Simulation-Based Training for Initial Response Personnel

Homeland Preparedness Tracking #NM-002-RESP

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The decisions that are made, or not made, during the first thirty to sixty minutes of a critical incident, i.e., WMD/terrorist attack, hazardous materials (either intentional or accidental), barricaded gunman/hostage situation, will dramatically impact the numbers of casualties and amount of property damage that result. These decisions, which are typically made by first and second level street supervisors and in some cases non-supervisory personnel, will determine whether the incident is brought under control in a timely fashion or allowed to accelerate.

Because of the potentially serious consequences that can arise from such an event, i.e., loss of life, litigation, loss of public confidence, etc., each and every supervisor and command officer must be ready to manage this crisis phase. Yet our experience shows that these extraordinary circumstances arise only a few times in any supervisor's career. Given this lack of frequency, it is difficult to expect competence in these highly charged situations unless adequate preparation is provided.

Once stabilization of an event has been achieved, the first line supervisors need strategies that allow them to move ahead of Incident Acceleration and build a "Decision Making Team" to bring about a successful resolution of the event. This course is based upon the National Incident Management System (NIMS) utilizing the "Incident Command System" and the concept of "Unified Command" as a basis for this response at the command post. Taking the appropriate steps to return to normal operations and IMPROVE THE AGENCY'S RESPONSE TO THE NEXT INCIDENT are also covered in detail.


It has also been our experience that individuals will act out of their last most significant and emotionally impressionable experience, good or bad, in response to a new situation. The uniqueness of this program is that within the training environment we can provide a positive and emotionally charged simulated experience utilizing our Model City Simulator? to manage critical incidents of all types.

In this all hazards approach the students are instructed in the Seven Critical Tasks? that must be accomplished during the initial phase of an incident and then allowed in a simulated environment to practice that decision making. A scale 96 sq. ft. Model City Simulator? and other specialized equipment are set up on your site for this program.


When the participant completes this course, he/she will be able to:

  • Define a critical incident and list the five (5) major categories of critical incidents.
  • Define a WMD incident according to Office of Domestic Preparedness guidelines.
  • List and describe the four (4) phases of a critical incident.
  • List the three (3) major objectives of the immediate responding supervisor to an emergency scene and demonstrate a command of those objectives during simulated exercises.
  • List the "Seven Critical Tasks?" to be accomplished during the Crisis Phase of a critical incident.
  • Describe and demonstrate the type of management style required during the Crisis Phase of a critical incident.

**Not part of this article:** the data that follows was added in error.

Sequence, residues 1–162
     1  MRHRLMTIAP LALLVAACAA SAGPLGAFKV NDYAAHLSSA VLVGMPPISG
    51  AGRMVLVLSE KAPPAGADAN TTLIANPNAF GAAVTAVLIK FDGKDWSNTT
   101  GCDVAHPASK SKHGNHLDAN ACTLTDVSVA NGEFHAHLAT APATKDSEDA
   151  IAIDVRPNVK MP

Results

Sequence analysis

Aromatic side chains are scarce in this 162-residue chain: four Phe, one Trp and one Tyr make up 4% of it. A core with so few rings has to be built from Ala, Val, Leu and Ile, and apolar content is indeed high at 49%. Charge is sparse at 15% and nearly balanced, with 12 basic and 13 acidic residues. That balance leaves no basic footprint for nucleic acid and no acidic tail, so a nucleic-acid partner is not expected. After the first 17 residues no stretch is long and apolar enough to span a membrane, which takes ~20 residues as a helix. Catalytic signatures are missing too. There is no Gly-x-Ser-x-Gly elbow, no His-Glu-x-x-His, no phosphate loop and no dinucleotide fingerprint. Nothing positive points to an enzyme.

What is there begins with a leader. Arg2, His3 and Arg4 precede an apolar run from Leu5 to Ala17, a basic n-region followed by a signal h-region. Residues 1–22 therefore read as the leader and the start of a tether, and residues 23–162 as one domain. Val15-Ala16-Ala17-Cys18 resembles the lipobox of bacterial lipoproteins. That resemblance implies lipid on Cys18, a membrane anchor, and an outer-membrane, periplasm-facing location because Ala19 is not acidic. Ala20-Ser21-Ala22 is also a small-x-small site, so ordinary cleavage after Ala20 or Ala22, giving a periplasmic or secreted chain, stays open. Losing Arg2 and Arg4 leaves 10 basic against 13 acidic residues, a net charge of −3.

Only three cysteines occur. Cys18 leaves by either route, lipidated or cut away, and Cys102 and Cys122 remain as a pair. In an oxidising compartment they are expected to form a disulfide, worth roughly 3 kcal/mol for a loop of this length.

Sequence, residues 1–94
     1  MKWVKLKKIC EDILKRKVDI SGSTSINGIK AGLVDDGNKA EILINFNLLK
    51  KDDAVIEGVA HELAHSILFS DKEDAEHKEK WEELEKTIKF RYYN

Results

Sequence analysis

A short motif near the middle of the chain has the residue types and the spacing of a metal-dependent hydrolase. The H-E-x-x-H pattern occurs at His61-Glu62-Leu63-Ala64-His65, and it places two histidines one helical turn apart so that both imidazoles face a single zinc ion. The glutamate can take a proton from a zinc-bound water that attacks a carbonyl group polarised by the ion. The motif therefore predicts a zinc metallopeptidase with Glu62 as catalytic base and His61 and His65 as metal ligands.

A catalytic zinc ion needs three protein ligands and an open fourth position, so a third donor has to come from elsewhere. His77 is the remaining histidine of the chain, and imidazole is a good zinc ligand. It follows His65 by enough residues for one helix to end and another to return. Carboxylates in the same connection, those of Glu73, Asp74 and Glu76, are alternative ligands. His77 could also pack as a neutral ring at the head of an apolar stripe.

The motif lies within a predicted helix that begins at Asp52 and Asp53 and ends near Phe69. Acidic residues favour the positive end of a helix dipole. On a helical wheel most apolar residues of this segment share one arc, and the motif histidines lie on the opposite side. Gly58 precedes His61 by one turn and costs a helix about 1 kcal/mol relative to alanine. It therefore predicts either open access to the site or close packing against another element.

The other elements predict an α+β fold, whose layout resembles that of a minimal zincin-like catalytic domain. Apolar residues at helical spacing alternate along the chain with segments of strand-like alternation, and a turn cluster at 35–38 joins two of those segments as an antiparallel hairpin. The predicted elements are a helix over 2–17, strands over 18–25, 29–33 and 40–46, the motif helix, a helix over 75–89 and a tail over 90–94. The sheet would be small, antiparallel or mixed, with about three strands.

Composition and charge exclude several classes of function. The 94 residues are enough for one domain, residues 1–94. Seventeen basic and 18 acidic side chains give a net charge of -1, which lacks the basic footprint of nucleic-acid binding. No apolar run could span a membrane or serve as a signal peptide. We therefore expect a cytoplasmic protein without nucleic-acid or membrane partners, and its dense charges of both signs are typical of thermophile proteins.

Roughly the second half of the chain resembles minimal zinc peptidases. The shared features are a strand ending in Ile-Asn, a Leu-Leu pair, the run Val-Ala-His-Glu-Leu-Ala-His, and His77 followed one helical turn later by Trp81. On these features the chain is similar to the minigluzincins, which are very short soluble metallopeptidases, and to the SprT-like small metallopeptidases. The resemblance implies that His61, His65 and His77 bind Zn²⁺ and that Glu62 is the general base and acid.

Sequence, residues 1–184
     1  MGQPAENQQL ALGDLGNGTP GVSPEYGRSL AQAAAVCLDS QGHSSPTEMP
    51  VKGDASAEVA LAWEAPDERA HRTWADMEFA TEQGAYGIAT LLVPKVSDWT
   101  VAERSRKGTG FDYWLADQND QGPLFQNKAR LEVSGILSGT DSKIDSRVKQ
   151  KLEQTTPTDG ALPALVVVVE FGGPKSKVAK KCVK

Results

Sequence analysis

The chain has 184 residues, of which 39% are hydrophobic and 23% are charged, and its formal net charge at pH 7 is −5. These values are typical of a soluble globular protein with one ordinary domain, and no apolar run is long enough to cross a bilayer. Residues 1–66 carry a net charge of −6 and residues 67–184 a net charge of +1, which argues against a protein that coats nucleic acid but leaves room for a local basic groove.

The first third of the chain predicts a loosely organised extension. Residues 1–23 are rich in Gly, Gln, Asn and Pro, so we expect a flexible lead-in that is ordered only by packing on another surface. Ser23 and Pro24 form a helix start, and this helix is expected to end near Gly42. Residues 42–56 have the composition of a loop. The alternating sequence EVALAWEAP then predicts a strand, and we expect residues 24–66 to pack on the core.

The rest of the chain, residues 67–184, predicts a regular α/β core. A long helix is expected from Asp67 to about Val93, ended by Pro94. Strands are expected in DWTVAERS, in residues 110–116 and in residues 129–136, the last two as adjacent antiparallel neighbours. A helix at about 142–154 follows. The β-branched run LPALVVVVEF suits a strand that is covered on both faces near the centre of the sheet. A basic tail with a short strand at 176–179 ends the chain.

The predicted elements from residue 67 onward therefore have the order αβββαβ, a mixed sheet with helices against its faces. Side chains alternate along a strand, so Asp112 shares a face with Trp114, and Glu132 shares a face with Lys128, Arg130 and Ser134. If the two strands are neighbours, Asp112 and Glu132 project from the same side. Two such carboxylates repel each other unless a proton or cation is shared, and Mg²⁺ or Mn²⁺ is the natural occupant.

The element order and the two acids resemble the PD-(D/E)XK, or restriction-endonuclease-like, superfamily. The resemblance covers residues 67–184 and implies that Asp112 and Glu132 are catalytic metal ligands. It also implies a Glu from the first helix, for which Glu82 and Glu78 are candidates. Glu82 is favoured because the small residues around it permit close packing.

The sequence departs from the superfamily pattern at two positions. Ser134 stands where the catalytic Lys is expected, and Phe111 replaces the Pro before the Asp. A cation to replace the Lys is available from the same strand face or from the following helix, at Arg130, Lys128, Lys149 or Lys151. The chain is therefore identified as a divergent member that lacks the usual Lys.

• Demonstrate the ability to manage various types of critical incidents by applying the critical tasks in simulated exercises.
  • Describe the characteristics of a critical incident during the Crisis Phase and how command and control shift as the incident progresses.
  • Be able to locate and identify chemicals and determine proper safety actions by using the DOT Emergency Response Guidebook.
  • Be familiar with the signs and symptoms of "Critical Incident Stress", and understand the importance of debriefing and counseling to alleviate or reduce its impact.
  • Describe the characteristics of an incident that require a transition to the Scene Management Phase.
  • Outline the mandates of Homeland Security Presidential Directive Five (HSPD-5).
  • List and describe the main components of the Incident Command System (ICS).
  • Describe and practice in a simulated environment the concept of "Unified Command".
  • Define the term "interoperability" as it relates to communications, and describe the initial steps necessary to achieve it in a critical incident.
  • Demonstrate the ability to establish a "Decision-Making Team" utilizing appropriate components of ICS and Unified Command in response to a variety of incidents.


The exercises will be conducted on a 96 square foot Model City Simulator?. This elaborate simulation system will be provided by BowMac Educational Services and transported to the training site. Use of the simulator provides a realistic environment required to provide participants with firsthand experience in managing a major incident. As previously mentioned, the course by its very design is highly interactive and instructor intensive.


The course requires two separate classrooms, one for the model city and another for lecture and small group exercises. The instructional classroom requires a video playback with monitor, flip chart, overhead transparency projector, LCD (PowerPoint) projector, and seating capacity for a maximum of 25 students.

The model city simulation room (24' x 20' minimum size) requires four 6' or 8' tables of equal height. Chairs are not necessary or desirable in this location.


This course is a must for all supervisory and command level personnel who respond to incidents. This includes but is not limited to police, fire, emergency medical service personnel.

NOTE: More than 50% of this course is actual simulated experience in handling critical incidents.

Maximum class size is 25.


Critical Incident Management

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Critical Incident Management
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